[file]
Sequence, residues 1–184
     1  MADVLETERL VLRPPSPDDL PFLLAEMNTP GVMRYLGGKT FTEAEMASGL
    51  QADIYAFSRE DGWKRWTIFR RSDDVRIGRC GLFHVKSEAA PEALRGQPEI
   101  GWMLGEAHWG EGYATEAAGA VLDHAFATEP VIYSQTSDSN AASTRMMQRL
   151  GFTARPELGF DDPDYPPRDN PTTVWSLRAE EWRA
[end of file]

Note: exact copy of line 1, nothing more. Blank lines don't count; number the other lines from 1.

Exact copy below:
Sequence, residues 1–184